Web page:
Unavoidable maze of financing
FINANCING THE Big Dig is a 2010 campaign issue. Five years after project completion, this speaks volumes about the challenges associated with building and paying for a mega-project.
Federal and state funding programs work well for smaller projects. Their price tags are easier to swallow and their construction cycles are shorter. Typically, these projects are completely financed before a shovel ever goes into the ground.
On the other hand, mega-projects like the Big Dig are subject to multiple funding authorizations and annual appropriations. These projects are only partially funded when they go into construction. There’s no turning back, but the road ahead is unpaved.
This is a fundamental and unavoidable flaw. Sure, finance plans are required. However, due to the size and duration of a mega-project, these plans cannot accurately consider game-changing events. Financing strategies may be disrupted by the economy, cost increases, regional rivalries, political shifts, and the willingness of future leaders to follow through on the commitments of their predecessors.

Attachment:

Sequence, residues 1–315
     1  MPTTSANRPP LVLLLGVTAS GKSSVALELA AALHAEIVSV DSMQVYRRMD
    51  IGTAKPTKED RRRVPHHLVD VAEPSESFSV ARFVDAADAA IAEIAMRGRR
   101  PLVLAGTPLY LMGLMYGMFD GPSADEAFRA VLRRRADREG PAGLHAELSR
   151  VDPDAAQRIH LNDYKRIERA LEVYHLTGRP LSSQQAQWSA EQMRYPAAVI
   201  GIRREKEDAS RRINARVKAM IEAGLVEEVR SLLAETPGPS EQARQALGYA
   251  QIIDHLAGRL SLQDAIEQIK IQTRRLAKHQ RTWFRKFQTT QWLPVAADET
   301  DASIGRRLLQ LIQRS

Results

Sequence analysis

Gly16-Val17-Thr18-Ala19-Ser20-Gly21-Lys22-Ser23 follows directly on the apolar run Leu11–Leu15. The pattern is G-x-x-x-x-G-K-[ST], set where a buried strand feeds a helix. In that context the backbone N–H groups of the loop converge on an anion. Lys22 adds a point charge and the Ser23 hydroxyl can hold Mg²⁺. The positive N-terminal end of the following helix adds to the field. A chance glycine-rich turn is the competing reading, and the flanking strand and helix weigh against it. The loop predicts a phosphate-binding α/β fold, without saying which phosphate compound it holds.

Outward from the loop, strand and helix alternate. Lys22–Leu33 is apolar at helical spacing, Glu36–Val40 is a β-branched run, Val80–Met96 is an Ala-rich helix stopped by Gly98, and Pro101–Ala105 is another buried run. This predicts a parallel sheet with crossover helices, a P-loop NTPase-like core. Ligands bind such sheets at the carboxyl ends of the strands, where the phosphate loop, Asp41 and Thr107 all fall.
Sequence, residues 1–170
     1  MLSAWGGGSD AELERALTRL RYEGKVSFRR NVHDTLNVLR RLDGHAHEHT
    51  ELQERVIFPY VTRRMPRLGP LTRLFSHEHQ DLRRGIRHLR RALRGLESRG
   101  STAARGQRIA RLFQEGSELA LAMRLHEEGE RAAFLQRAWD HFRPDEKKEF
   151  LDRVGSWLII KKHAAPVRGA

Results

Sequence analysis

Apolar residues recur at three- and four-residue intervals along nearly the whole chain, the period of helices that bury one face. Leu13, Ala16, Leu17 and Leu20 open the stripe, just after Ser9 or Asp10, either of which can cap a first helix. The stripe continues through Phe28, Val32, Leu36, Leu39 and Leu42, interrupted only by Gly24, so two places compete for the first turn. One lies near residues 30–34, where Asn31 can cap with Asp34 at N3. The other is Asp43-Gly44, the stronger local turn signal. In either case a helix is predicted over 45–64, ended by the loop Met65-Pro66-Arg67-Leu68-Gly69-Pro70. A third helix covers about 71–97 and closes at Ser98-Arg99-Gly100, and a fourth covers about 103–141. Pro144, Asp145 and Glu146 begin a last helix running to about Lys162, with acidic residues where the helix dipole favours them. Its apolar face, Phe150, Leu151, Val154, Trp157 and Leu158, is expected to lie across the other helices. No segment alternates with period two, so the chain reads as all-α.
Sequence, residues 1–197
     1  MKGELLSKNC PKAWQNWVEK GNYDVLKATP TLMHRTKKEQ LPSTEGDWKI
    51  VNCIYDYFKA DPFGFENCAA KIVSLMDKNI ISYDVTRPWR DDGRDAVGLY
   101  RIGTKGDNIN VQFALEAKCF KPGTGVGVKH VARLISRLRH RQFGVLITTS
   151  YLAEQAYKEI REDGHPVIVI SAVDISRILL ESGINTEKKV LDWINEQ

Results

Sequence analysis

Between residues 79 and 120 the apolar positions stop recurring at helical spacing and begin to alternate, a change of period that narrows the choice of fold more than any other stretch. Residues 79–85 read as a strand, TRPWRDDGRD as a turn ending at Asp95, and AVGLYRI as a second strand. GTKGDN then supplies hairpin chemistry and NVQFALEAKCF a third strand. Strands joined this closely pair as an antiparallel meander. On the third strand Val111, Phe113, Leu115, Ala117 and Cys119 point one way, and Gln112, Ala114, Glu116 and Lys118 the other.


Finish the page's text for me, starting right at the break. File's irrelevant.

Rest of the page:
Big Dig financing was affected by all of the above, and then some. Reductions in the amount of anticipated federal aid as well as the need to increase spending on state and local road and bridge programs, resulted in a financing strategy that resembled a patchwork quilt. Direct (pay-as-you-go) spending, federal aid, state bonds, tolls, and borrowing against future grants were all included. Always controversial and sometimes messy, the project was completed and the benefits have been realized.
In future big projects, the gas tax, tolls, borrowing against future grants, spending priorities, and program cuts must all be on the table and debated. On the revenue side, taxes and tolls are political hot potatoes, but they tie directly to infrastructure investment, and make sense. Between the two, the gas tax offers the most benefit for the least impact on the individual. The point is that whatever our personal preferences, leaders need to make choices, sell those choices, accept that they will be criticized, and hope that those who come after will follow through or find another way to get the job done.
The value of any big project and how it is financed will always be subject to debate. The Big Dig experience suggests that future leaders will shy away from mega-projects. That would be a terrible mistake. The Big Dig left behind a lot of good. Just ask the people who travel through and above it everyday, and remember what it replaced.
James J. Kerasiotes was secretary of transportation and Turnpike Authority chairman. He oversaw the Big Dig from 1991 to 2000. He is currently COO of Wing Inc.